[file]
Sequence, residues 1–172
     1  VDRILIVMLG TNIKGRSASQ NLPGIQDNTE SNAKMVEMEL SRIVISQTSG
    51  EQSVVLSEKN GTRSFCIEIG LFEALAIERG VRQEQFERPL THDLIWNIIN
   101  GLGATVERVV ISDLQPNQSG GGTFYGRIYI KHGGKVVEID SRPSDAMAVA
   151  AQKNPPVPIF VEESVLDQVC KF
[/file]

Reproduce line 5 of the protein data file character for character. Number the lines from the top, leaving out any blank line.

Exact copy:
   151  AQKNPPVPIF VEESVLDQVC KF